Today was Day 2 of our Cambodia volunteer trip with Globe Aware. The day began with a visit to the Cambodia Landmine Museum and Relief Center. The center was started by Aki Ra, a former child soldier of the Khmer…
Last Sunday, I tuned into one of my favorite programs, CBS' 60 Minutes. The top story that evening focused on "Children Helping Children" -- kids who were learning early on in their lives that volunteering can be incredibly rewarding. I practically…
Of all the many suffering people in the world, there are none more helpless than the children. Children often suffer the brunt of hardship. They can’t protect themselves. They can’t strike out on their own. They are dependent on the care of their parents and guardians—people who love them and look out for them—but these guardians are in peril too. So many people are dying preventable deaths around the world—in wars, from drought or famine, and from disease. They are dying young, when they still have young families to support. They are leaving homeless, helpless kids to fend for themselves in an impossibly difficult world. Some of these kids will die. Some of them will join gangs of other homeless, parentless children. Some will suffer abuse and torment at the hands of adults. And some, the lucky few, will find their way to a well-run orphanage with the best interests of the children at heart.
I’ve written a lot about the benefits of volunteering for families: parents see their children working hard, children are inspired to make a difference, and grandparents have a chance to experience their family in a new way, as a working whole. Volunteering trips overseas transform a family into a team. This same principle applies to unrelated groups of volunteers. Any group can reap the rewards of working together for the greater good. It brings out the best in everyone—the diligent worker, the gregarious conversationalist, the foreign language enthusiast, the goof ball—no skill set goes to waste when you’re exploring a new place and meeting new people.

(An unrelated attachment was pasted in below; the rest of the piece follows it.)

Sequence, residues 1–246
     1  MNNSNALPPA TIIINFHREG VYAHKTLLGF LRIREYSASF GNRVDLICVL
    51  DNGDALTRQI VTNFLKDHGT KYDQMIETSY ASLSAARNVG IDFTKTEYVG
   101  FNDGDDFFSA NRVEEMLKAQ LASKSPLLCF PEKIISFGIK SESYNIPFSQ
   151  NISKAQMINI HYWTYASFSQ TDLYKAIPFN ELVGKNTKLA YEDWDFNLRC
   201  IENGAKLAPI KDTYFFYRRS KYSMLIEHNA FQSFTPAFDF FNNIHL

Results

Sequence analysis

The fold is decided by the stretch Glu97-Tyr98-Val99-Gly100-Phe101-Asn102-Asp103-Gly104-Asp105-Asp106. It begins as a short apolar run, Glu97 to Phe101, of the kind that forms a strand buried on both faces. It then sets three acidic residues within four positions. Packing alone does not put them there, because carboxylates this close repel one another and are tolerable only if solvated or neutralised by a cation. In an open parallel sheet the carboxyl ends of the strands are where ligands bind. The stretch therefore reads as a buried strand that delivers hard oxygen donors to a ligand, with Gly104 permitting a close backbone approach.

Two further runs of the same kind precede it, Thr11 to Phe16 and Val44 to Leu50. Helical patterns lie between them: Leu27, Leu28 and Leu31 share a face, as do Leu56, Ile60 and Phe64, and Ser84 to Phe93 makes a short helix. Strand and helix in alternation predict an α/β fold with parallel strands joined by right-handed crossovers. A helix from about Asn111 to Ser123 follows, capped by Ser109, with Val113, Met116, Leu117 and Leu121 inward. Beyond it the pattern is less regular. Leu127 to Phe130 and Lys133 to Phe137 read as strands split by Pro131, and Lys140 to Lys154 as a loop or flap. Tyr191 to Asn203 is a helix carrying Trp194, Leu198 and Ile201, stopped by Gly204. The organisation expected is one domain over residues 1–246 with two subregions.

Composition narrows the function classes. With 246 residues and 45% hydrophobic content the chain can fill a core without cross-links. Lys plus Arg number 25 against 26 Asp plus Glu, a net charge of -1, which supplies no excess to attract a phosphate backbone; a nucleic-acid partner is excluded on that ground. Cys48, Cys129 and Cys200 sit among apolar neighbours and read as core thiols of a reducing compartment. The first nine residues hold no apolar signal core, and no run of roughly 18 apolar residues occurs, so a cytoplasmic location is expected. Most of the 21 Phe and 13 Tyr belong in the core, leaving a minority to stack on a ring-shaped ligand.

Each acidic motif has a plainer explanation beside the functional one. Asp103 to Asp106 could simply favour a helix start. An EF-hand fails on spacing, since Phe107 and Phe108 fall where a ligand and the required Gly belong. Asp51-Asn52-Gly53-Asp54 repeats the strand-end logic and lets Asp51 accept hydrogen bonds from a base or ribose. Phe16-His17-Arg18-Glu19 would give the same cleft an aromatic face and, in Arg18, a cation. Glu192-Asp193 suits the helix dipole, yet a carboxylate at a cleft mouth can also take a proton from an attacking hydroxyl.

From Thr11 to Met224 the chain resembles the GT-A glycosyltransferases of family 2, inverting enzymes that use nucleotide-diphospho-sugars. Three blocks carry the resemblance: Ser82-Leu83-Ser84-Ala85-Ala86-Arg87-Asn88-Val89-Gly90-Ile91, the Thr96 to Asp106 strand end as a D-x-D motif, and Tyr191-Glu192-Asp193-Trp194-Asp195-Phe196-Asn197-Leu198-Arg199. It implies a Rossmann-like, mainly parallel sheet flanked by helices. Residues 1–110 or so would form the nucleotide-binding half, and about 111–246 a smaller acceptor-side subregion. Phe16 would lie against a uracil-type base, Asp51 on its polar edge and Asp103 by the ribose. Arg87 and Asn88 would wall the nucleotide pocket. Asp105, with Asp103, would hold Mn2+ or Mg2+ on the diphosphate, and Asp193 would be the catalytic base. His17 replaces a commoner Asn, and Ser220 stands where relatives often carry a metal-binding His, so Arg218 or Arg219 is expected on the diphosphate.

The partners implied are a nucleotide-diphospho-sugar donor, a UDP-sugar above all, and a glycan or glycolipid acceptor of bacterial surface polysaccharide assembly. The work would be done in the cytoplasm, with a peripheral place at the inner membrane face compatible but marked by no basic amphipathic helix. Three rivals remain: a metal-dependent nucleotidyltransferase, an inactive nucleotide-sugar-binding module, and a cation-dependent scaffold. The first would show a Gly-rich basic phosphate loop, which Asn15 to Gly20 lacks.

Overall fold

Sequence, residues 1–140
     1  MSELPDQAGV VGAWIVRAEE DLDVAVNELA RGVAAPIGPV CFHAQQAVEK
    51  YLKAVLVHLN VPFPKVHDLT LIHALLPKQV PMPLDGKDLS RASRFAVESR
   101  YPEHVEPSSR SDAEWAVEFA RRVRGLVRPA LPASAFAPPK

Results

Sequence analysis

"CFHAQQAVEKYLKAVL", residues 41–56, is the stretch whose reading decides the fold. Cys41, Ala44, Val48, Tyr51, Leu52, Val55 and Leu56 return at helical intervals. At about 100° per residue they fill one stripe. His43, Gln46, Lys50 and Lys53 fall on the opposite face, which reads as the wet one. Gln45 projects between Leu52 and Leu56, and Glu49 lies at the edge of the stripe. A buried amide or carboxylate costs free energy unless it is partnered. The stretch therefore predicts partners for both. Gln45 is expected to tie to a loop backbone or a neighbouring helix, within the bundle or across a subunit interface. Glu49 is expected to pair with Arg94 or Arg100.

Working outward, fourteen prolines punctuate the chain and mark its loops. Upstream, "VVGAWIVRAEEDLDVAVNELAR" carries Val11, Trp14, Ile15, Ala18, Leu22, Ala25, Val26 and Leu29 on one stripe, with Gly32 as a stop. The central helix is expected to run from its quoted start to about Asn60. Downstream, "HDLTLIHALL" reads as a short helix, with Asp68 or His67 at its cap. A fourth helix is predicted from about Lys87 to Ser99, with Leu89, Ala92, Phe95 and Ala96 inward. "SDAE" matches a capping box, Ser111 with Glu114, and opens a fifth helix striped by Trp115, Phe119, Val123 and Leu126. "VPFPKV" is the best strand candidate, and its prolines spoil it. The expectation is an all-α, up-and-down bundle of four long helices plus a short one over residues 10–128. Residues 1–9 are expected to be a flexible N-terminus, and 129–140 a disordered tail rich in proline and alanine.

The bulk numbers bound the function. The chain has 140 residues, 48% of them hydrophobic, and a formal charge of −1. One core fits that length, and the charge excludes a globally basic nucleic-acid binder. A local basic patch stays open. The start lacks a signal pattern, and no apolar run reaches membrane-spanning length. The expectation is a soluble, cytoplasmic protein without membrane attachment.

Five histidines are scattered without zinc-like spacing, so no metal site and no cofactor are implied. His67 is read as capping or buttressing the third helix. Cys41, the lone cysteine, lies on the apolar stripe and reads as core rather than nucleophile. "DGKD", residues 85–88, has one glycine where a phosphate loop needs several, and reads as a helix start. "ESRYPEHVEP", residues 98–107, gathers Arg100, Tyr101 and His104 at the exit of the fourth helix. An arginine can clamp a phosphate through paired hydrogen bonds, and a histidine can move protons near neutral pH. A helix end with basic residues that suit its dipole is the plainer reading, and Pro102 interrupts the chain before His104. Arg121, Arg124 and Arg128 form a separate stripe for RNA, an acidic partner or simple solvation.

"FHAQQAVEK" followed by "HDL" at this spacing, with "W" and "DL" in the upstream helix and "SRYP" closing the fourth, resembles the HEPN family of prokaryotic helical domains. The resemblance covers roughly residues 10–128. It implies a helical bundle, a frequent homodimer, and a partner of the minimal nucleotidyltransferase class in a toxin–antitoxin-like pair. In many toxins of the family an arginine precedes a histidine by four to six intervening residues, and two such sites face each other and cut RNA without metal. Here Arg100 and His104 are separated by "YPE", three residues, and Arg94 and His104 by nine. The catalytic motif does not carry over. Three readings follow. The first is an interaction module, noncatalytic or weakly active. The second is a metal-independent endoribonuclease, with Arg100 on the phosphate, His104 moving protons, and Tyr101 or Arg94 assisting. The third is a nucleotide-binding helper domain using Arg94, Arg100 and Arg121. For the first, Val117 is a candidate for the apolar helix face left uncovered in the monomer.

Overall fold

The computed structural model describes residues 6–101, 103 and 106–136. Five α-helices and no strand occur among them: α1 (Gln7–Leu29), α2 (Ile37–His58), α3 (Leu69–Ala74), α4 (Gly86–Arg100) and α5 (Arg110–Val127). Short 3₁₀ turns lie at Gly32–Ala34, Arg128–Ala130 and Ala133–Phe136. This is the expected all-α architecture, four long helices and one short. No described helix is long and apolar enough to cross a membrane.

My friends, Jane and Travis, just got married. Initially, they were planning on a cruise in the Caribbean for their honeymoon. They’ve never been on one and Jane thought it would be the best of both worlds: legitimately fun and kitschily ironic. Travis was on board (so to speak) but he had reservations. He is a community activist in our city and he kept worrying that a cruise was just too wasteful, predictable, and commercial. I agreed with Travis but since it wasn’t my honeymoon I stayed out of it. Then I remembered: they’d never been on a cruise before! I, on the other hand, have been on several. Each one was a family vacation, paid for by my grandparents, and each one seemed more quintessentially American than the last. The ships were like giant malls complete with expensive cocktail bars, clothing shops, and fake plants. Sure, the accommodations were comfortable but it all felt so generic, so spring break, if you know what I mean. My experiences have left me rather jaded about the whole cruise thing and I didn’t want my friends to be disappointed. The more I thought about it, the more I realized I had to say something.